You are here
What I Would Change About The Music Industry: Negativity In Music Journalism Features News What I Would Change About The Music Industry 

What I Would Change About The Music Industry: Negativity In Music Journalism

Photo credit: Waffle TV interviews The Kubricks
Photo credit: Waffle TV interviews The Kubricks

For as long as we can remember, there has always been some form of negativity in music journalism and the stigma of being viewed as ‘the devil’ among the artist community only elongates as time goes on. While opinions are often subjective, there comes a time when the lines are often blurred between constructive criticism and unwarranted cruelty.

I’ve been fighting against negativity in music journalism before I ever stepped foot in this business. As a teen, I’d read tons of music magazines, hopeful for some thoughtful anecdote on my favorite albums only to be met with snark and a bad feeling in my stomach. Once I started writing about music, I questioned (and let’s be honest, I still do) whether I belong in this community when all I would witness was the heartless takedown of band after band. I knew I never wanted to be a part of that. I then realized that I had to do this – not only to show every scorned musician that journalists aren’t all the same, but to be the change that I wanted to see in this industry. It has to start with someone. Why not let it be me? Of course (thankfully) I’m not the only one who feels this way and that makes my mission all the more foreseeable.

When you don’t like a type of food, you usually avoid it, right? It’s not likely you’ll write a condescending article on it and share it with the world, so why do that with an artist’s work? I can’t even begin to tell you how many publications I’ve lost respect for because of nasty reviews. It is one thing to share an honest, thought-provoking critique of an album, but to completely annihilate something you probably just don’t understand while using snarky fillers such as, “This sounds like a sick cat that would probably be better off dead,” isn’t something you should be putting your name on let alone sharing as an analysis of a piece of work. Sounds more like something you’d read in the comments section if you ask me.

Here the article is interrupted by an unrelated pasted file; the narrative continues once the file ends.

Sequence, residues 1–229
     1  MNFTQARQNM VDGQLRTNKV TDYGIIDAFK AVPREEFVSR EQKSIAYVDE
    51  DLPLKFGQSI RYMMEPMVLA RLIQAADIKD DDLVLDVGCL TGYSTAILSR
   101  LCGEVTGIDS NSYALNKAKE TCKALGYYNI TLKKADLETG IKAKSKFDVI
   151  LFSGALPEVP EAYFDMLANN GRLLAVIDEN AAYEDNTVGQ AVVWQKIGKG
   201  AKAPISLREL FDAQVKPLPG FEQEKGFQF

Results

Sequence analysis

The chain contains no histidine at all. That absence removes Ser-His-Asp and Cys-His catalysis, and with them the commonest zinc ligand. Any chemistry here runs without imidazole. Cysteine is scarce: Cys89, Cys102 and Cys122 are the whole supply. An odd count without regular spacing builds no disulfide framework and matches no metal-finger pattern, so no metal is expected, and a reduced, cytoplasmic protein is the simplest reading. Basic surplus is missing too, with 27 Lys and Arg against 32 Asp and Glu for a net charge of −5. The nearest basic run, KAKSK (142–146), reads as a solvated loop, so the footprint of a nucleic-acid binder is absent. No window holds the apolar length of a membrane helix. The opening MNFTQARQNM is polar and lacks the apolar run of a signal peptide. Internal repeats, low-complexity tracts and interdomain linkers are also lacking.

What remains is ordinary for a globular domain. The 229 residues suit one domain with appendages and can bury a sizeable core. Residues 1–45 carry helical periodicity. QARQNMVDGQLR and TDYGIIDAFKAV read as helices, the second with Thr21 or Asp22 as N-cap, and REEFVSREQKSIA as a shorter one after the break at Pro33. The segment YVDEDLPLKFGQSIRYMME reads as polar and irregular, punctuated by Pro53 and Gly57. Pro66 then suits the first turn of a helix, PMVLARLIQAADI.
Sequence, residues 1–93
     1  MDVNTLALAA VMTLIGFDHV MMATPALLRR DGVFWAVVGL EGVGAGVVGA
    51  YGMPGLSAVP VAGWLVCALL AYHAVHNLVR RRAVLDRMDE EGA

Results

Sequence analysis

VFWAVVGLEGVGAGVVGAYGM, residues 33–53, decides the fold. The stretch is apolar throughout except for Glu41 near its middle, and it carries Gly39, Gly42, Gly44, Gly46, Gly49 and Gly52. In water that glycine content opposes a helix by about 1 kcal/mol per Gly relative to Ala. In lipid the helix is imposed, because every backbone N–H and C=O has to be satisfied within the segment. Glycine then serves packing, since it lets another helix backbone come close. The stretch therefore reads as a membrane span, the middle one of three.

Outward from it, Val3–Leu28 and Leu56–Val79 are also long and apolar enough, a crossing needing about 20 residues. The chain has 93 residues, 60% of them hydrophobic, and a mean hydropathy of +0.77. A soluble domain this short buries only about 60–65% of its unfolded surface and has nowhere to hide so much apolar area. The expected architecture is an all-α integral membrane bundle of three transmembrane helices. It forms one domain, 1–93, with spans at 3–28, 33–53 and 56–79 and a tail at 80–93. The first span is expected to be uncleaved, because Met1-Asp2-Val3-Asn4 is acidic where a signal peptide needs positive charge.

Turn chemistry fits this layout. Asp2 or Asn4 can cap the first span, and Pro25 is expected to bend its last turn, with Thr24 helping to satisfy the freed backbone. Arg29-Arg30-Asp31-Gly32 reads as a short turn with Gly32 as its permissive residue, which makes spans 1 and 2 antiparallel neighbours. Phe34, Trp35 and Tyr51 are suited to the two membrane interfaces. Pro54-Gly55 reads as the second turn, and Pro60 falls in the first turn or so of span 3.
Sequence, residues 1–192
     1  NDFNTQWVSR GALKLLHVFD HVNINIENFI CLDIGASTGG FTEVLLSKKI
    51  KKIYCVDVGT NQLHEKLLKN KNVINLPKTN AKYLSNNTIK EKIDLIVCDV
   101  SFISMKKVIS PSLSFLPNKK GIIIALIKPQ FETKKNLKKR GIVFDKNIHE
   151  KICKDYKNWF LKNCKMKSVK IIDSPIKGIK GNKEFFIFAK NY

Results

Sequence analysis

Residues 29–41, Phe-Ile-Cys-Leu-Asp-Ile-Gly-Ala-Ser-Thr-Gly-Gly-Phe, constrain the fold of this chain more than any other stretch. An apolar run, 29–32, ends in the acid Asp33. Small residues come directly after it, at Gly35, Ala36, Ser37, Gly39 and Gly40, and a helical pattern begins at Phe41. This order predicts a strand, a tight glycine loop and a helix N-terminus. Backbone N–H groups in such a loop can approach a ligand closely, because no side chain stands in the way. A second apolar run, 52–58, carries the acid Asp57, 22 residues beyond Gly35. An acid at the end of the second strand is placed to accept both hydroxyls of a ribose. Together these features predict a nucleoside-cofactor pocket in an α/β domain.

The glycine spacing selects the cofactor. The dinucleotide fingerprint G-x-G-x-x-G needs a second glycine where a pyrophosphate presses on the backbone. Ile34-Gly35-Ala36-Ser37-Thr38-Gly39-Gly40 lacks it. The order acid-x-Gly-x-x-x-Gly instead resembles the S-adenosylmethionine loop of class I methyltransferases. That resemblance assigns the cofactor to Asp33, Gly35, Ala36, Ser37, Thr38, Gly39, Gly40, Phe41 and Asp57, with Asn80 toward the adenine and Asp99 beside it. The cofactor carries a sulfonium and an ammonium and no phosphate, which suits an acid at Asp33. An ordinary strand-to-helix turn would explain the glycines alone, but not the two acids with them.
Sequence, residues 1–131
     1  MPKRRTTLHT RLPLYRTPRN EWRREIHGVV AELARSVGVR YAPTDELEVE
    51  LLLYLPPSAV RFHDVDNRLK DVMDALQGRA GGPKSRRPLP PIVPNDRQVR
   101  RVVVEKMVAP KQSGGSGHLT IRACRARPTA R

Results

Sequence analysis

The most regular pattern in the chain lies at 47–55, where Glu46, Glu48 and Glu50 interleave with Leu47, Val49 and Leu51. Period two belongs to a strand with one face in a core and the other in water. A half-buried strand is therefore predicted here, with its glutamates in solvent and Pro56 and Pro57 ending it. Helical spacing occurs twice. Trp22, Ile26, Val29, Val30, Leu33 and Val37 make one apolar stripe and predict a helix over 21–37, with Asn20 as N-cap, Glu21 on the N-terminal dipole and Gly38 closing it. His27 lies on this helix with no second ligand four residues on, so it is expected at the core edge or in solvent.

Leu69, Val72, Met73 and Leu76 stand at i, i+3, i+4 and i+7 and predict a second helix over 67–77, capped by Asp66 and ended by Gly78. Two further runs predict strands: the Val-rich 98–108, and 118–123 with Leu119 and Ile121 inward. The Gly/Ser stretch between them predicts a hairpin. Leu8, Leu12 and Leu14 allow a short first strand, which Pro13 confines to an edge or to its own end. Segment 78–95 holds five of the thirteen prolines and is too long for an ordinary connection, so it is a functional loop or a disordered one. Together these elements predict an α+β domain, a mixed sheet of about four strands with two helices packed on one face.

There’s a quote that I adore by the late advertising creative director, Bill Bernbach that eloquently echoes my sentiments on this issue. I have it placed on my site’s policy page. “All of us who professionally use the mass media are the shapers of society. We can vulgarize that society, we can brutalize it. Or we can help lift it to a higher level.”

I strongly believe that if you are a member of the media, no matter how big or small your publication, you have a reputation to uphold. What you put out there is how people are going to view you and the publication you work for. You should associate your name with things that are honorable, that accurately represent the environment you work for and the type of person that you are.

I’ve heard a ton of horror stories from my fellow writers, publicists and musicians I’ve covered and they all just made me realize that this fight will probably be a long one but I’m ready for it. It’s not hard to be kind but I think some are under the impression that it costs extra. Kindness isn’t guacamole, folks, and it feels a lot better going down.

While some may say that this is how it’s always been, that doesn’t mean that is the way it has to stay. That kind of closed-mindedness is exactly why this issue has been going on for so long. There are small steps we can all take to end this once and for all. Take initiative action by not visiting sites with a low morale. Most of them do it for attention and page views, so by going against what they’re really after, you’ll be doing yourself and that publication a favor by ignoring them completely. Stick to the ones who genuinely care about music and who want to lift people up rather than tear them down.

I’ve witnessed too many rants by musicians I admire over something that could be avoided if everyone had some common decency and respect. Even if I’m not a fan of an artist’s work, I feel for them. As a writer and creative myself, I understand the struggle of not having people who appreciate and understand what you are trying to achieve. Artists put their heart and soul into creating a piece of work they and their listeners can be proud of. Though every review is subjective, think before you post.

Be kind to the people you work with and who want to work with you, i.e. publicists, bands, managers, etc. They’re the ones who trust you with their music/clients and if it weren’t for them, your site probably wouldn’t flourish. Cultivate a relationship with them. If you don’t like something, politely decline. Instill a sense of integrity into your work. Remember Blockbuster’s video slogan? “Be Kind. Rewind?” Utilize it!

We all have opinions. Opinions are great. But leave the snark and self-righteousness at the curb with your superior rating system. Remember that just because you can, doesn’t mean you should.

Promote what you love or don’t cover it at all.

Tina Roumeliotis is the owner of The Daily Listening, and a writer for BUZZNET. You can find her on Twiter at @TinaTweetsALot

The following two tabs change content below.

Angela Mastrogiacomo

Founder of Infectious Magazine & Muddy Paw Public Relations. Lover of passion, ice cream, and books.

Related posts

Leave a Comment